Last February, the federal Conservatives came under fire after it was discovered that Bill C-10, an omnibus tax bill, would allow the federal Heritage minister to deny tax credits for films and TV shows that were deemed offensive.
Now comes news that the federal Conservative government is axing the $4.7-million PromArt program, a travel grant administered by the Department of Foreign Affairs and International Trade.
According to a CanWest News Service report, it’s because the feds are uncomfortable with some of the grant recipients, which have included former CBC broadcaster Avi Lewis, who now works for Al-Jazeera, the Toronto band Holy Fuck, and North-South Institute, a nonprofit foreign-policy think tank.
The story cited a Conservative memo about PromArt that branded Lewis as “a general radical” and the North-South Institute as “a left-wing and anti-globalization think-tank”.
NDP Culture and Heritage Critic Bill Siksay, the MP for Burnaby-Douglas, accused the federal government of going on a “mad censorship campaign”.
“It’s very reminiscent of the trouble they got themselves in over the film and video tax credit in Bill C-10,” Siksay told the Straight, “where they tried to propose that an individual minister should be able to enforce or inflict their own personal taste on film and video production in Canada. And I think that’s exactly what they’re trying to do here with this program that promotes Canadian culture overseas. They want to make sure that it conforms to their ideological perspective and their own individual taste when it comes to artistic expression.”
Andrew Wilhelm-Boyles, executive director of the Vancouver Alliance for Arts and Culture and former executive director of the Royal Winnipeg Ballet, told the Straight that the grants had enabled the dance company to tour.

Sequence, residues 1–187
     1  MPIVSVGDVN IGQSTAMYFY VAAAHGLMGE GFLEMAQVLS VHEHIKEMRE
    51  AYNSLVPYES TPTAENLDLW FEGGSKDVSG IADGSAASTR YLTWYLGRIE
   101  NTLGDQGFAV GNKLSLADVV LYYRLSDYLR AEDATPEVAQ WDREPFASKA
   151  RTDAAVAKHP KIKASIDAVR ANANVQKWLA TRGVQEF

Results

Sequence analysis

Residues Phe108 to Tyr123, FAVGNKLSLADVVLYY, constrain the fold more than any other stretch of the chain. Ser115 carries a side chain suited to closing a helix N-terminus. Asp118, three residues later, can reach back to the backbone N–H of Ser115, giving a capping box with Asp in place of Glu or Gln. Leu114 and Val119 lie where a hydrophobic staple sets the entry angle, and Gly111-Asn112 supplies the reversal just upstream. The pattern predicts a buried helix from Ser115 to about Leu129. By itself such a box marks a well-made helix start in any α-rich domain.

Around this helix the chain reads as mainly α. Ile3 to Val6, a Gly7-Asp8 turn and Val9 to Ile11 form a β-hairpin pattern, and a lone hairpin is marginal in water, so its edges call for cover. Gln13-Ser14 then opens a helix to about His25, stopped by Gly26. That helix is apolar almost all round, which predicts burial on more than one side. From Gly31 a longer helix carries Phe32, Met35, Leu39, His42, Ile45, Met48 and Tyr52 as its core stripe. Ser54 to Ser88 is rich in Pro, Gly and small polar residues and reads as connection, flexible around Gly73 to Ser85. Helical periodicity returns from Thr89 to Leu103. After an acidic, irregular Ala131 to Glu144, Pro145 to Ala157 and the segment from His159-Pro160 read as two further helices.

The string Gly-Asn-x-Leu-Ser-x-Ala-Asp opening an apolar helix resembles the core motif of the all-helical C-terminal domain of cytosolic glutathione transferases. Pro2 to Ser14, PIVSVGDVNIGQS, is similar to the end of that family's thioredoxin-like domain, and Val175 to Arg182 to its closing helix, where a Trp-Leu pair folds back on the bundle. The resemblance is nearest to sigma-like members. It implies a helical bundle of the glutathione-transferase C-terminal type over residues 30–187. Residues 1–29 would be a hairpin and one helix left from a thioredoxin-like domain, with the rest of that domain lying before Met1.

“It is important that Canadian artists are enabled to travel and expose Canadian talent and Canadian artistic excellence around the world,” he said. “That should be something that any government of Canada would support, given that Canadian artists are already held in high regard.”¦One of the ways of developing that talent, developing that visibility is, of course, for the government to invest in making these talents visible to the world. All they do is enhance the prestige of the country.”
Anne Howland, director of communications for Foreign Affairs Minister David Emerson, told the Straight the decision to scrap the PromArt program was largely a budgetary one.
“The government committed to a more disciplined approach to managing its spending and focusing on programs that are our priorities,” she said. “So more than anything, it’s a budgeting expenditure decision, and we feel Canadians want accountability for their tax dollars, and we’re following through on that commitment.”
Howland said the program will end March 31, 2009.
When asked about reports that the government was closing the program because it did not approve of those receiving the grants, Howland responded: “There were some concerns about some groups that we felt Canadians wouldn’t necessarily agree were the best people to represent them on an international stage, especially considering that taxpayers are footing the bill. But again, I’d go back to the fact that primarily it’s a budgeting decision and not an easy one.”
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